Home » Zoology » Echinodermata: Definition, General Characters, Identifying Characters, Examples

Echinodermata: Definition, General Characters, Identifying Characters, Examples

Phylum Echinodermata represents the most advanced invertebrate phylum closer to the chordates. They vary substantially in size which may range from 1 cm to about 2 m in length. In 1734 Jacob Klein has coined the name Echinodermata.

The name Echinodermata is derived from the Latin words Echinos and Derma.
Echinos = spine and Derma = skin

The group of animals in this phylum has spiny skin. The phylum Echinodermata contains more than 7000 described living species. Most of the animals are marine.

Definition of Echinodermata

Phylum Echinodermata is the group of marine invertebrates having radially symmetrical, true coelomate deuterostomus body with a characteristic water vascular system containing calcareous ossicles and spines.

Figure: Echinus sp.

General Characters of Echinodermata

Some common characteristic features of the phylum Echinodermata are:

  • In adult animals, the body is radially symmetrical with pentamerous Organization but the larva has a bilaterally symmetrical body.
  • All animals are triploblastic in this phylum.
  • Presence of calcareous plates or ossicles as an endoskeleton in the body.
  • Ossicles are made of calcium carbonate.
  • The body with distinct oral and aboral surfaces.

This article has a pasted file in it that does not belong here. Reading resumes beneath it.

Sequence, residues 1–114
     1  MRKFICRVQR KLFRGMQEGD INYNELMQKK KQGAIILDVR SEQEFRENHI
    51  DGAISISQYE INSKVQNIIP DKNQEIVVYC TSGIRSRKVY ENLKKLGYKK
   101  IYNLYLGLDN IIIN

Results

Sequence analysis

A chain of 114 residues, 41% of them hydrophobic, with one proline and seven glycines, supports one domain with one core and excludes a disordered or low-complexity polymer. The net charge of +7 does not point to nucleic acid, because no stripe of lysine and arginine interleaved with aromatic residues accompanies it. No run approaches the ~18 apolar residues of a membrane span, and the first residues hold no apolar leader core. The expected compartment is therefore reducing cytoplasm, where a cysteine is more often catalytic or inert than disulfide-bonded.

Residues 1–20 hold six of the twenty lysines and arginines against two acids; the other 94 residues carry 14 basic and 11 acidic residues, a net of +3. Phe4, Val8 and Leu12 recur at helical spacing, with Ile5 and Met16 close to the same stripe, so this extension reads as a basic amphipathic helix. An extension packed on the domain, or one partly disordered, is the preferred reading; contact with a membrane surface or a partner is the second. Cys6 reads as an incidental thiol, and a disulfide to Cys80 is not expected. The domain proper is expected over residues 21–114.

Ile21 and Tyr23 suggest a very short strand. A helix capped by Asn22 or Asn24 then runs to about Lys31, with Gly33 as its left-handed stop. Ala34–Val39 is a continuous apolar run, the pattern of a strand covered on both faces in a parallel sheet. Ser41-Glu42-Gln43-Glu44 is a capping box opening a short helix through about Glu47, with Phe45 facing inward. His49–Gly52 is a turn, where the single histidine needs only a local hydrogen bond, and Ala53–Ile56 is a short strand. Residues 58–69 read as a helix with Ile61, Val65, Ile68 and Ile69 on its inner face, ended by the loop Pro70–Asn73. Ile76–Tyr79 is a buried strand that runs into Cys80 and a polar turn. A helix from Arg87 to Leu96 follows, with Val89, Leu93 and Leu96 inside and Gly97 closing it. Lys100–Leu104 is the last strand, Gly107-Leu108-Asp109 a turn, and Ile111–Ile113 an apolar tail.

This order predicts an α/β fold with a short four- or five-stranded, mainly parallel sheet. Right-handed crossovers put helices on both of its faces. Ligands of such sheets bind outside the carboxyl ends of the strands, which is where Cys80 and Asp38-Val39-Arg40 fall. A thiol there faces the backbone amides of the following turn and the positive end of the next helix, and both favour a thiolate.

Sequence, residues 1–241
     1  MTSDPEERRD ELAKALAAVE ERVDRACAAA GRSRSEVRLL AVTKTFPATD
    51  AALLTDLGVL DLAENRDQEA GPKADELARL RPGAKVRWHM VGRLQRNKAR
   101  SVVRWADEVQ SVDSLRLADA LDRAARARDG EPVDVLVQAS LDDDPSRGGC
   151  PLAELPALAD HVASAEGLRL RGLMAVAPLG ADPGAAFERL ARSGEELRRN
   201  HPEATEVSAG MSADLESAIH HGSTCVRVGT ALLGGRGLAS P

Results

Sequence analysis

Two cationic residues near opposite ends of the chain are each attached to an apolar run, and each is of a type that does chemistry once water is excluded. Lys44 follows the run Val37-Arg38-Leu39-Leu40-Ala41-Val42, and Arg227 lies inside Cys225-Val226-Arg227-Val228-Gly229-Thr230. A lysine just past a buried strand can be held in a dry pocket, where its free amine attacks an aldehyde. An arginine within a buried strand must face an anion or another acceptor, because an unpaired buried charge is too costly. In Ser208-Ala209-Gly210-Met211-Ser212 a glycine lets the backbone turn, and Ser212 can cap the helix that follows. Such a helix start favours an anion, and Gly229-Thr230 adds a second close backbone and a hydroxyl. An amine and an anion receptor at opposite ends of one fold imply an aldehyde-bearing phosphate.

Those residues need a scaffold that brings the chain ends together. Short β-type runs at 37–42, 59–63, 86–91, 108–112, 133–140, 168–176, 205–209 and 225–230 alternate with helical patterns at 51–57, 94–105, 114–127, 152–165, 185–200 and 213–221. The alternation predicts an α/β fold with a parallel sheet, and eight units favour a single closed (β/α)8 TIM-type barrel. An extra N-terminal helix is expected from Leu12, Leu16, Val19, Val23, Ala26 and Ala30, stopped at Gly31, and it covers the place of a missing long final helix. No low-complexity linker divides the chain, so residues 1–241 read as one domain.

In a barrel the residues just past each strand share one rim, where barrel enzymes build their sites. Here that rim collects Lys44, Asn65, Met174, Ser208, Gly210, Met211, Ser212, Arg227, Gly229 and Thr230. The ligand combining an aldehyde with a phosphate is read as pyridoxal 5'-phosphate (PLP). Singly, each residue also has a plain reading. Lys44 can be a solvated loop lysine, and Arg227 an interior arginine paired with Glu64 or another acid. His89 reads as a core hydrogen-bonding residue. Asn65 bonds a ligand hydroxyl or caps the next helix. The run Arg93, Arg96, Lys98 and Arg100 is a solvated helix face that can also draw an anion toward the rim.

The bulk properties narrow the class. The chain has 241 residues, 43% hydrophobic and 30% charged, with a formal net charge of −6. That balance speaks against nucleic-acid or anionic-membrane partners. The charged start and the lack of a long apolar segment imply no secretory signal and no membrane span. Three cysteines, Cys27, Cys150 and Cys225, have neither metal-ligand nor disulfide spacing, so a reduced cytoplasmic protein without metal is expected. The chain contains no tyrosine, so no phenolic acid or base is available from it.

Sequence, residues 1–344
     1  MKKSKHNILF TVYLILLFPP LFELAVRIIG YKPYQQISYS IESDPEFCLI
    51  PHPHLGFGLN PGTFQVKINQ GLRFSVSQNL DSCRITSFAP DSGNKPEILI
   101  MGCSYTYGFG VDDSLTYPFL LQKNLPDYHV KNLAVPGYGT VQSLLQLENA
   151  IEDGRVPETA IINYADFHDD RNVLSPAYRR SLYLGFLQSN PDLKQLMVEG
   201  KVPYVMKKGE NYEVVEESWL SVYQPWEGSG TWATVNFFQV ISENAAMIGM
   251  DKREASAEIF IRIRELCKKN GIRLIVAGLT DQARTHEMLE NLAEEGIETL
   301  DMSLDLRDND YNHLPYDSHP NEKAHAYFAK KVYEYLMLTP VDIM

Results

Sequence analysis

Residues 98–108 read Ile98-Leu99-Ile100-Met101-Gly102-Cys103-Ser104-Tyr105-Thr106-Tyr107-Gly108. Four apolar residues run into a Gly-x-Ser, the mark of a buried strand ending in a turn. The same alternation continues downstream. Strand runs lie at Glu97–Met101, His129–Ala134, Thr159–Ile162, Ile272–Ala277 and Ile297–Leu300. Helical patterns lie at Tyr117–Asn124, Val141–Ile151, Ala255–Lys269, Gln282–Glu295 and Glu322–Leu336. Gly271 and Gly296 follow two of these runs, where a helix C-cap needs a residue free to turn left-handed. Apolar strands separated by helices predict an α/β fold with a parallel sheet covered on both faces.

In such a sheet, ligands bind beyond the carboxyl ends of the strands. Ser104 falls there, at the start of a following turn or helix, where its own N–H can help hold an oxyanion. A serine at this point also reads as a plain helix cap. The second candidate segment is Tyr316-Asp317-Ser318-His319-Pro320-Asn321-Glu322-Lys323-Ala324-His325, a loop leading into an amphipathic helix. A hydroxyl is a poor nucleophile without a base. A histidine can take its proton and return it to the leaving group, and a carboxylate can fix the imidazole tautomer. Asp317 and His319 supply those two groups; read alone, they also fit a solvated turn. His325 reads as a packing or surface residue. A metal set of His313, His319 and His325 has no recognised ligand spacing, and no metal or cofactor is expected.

• The true coelom is present in the body.
  • Ambulacral groove is present in most animals.
  • Presence of characteristic water vascular system in the body.
  • Locomotory organs are tube feet or podia.
  • Celia is present on the exterior part of the body.
  • The alimentary canal is usually a coiled tube.
  • Respiration occurs through papulae or peristomal gills.
  • No definite excretory system in the body.
  • The nervous system is a diffuse and primitive type.
  • The open circulatory system is present. My heart is absent.
  • Reproduction is completed in the process of sexual reproduction. Fertilization occurs externally.
  • Bipinnaria, Brachiolaria, Ophiopkiteus, Pluteus, and Pentacrinoid larva are present in the life cycle.
  • Most of the animals are marine.
Figure: Cucumaria sp.

Identifying Characters of Echinodermata

  • Body structure: Triploblastic bilaterally symmetrical body.
  • Locomotory organs: Tube feet or podia are the laboratory organs.
  • Water vascular system: The presence of a characteristic water vascular system in the body.
  • Spines and Tentacles: Numerous spines and tentacles are present in the outermost part of the body.
  • Body surface: Distinct oral and aboral surfaces are present in the body.
Figure: Asterias sp.


Some common animals of the phylum Echinodermata are Asterias, Cucumaria, Ophiura, Echinus, Antedon, Clypeaster, Thyone, etc.

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